Where do you store your words, images & videos? How many copies do you need? What are the chances of losing everything? Or losing something important?
Some of my scuba buddies like to say,
Got one, got none... got two, got one.
Meaning that equipment can fail, and having a spare can be a life saver. In cave diving, the chances of your flashlight failing are so high that you don't carry 2 lights, you carry 3!
Back when people stored images and other work on their local hard drive - you're not still doing this now, are you? - you really had to back up your work because drives, especially spinning drives, all eventually fail. Not if, but when? So peeps bought external drives or thumb drives and made copies. For the very organized this could work well, for others it could be messy.
Today, when you store images on cloud platforms like Dropbox or Flickr the chances of them losing your data are pretty small. Though probably never quite zero. The chances of you screwing up and losing, misplacing, overwriting, or deleting images... well, that's more likely.
A long time ago I wrote in a word processor and then copied and pasted to web pages. That seems ridiculous now. I mostly use WordPress & Ghost today, and I write directly in them. I probably should backup that text to another site, but I don't. I think having too many versions could be a bigger problem. When I read a past piece, I'll often click edit and change a word or typo. While backing up individual pages would be tedious, you could backup your whole site, or use a platform that provides that service.
These days I work mostly in Dropbox. I do keep my raw camera files on a local hard drive because there's so many of them and they're so big. But once I use an image for something, it goes in a folder in Dropbox. So if I need one of my portfolio images to apply for a grant or anything else, it should be easy to find in my image folders on Dropbox.
Dropbox will give you 2gb of space for free, or 1tb of space for $8.25/month. You can do a lot with 2gb if you manage your files carefully. Unless you're a photographer, 1tb should probably be enough to cover your entire career - in photos, not including videos! I know $8.25/month can be a lot on a student budget, but having an easy, flexible place to store your entire portfolio can be priceless. Your work represents thousands of hours. Photographing your work and messing with files represents many more hours. A platform like Dropbox makes your files available to you on any computer anywhere just as if it were a local hard drive. And even if you delete files, Dropbox keeps them for you for an extra 30 days just in case.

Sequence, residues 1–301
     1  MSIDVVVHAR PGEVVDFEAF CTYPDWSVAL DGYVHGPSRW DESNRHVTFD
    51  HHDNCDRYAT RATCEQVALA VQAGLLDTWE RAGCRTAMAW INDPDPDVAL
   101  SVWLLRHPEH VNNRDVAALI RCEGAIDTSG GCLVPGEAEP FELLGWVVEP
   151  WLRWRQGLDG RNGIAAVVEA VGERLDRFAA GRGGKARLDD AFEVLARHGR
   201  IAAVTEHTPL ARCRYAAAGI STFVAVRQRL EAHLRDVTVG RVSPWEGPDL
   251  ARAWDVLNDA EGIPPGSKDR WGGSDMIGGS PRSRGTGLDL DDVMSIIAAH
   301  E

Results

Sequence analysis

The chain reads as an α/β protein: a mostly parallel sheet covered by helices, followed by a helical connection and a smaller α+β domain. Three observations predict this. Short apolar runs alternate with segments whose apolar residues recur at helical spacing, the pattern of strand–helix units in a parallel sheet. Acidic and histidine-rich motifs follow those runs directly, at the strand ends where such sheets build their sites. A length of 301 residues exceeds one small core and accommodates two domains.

You actually can grab your images straight from your website. I'm sure you already know this. You can right-click an image on a page and say save image as or open image in new tab. Sometimes you might use this to borrow images from other websites, but it's also a way to "borrow" images from yourself. When you upload to Cargo Collective, SquareSpace, etc, you're also creating an archive of images you can use. You should test that a site that you're interested in using saves the full-resolution image. If you upload a 2560x1440 image, can you get that back? I think/hope the answer will be yes for most portfolio sites. It might be no for social media sites like Instagram, Twitter, Facebook.
Flickr is an older, but still fantastic photo site. They'll give you 1tb of free storage! That's 500x more than the free 2gb from Dropbox. It's 67x more than the free 15gb from Google Drive.
What I like about Dropbox is that it's files & folders just like images files on my hard drive. TBH the difference is mostly conceptual though. On Flickr I'd just surf my image folders till I found the right one and then dowload it. Flickr even gives you a choice of download sizes, so you might be able to skip Photoshop, download the size you need, and upload it to the application you're filling out, etc.
Whether you use Dropbox, Flickr, your Website, or some other tool, the key is organizing your work in a clean, clear, easy manner. You're probably going to be making work for many years to come and the number of works and the number of images of those works can grow to daunting proportions.
You could organize by Year, by Large Works, by Series of Works, by Exhibitions, or any other way that makes sense to you. Just remember that your future self is going to forget a lot of what you're thinking right now. Simplicity is better than clever when it comes to organizing your work.
Depending on the nature and quantity of your works, you might also might like to maintain in-process images. Again, try to use the file structure of your hard drive, Dropbox, Flickr, or wherever, to make as clean and accessible a library of your work as possible.
image: Stephen Kennedy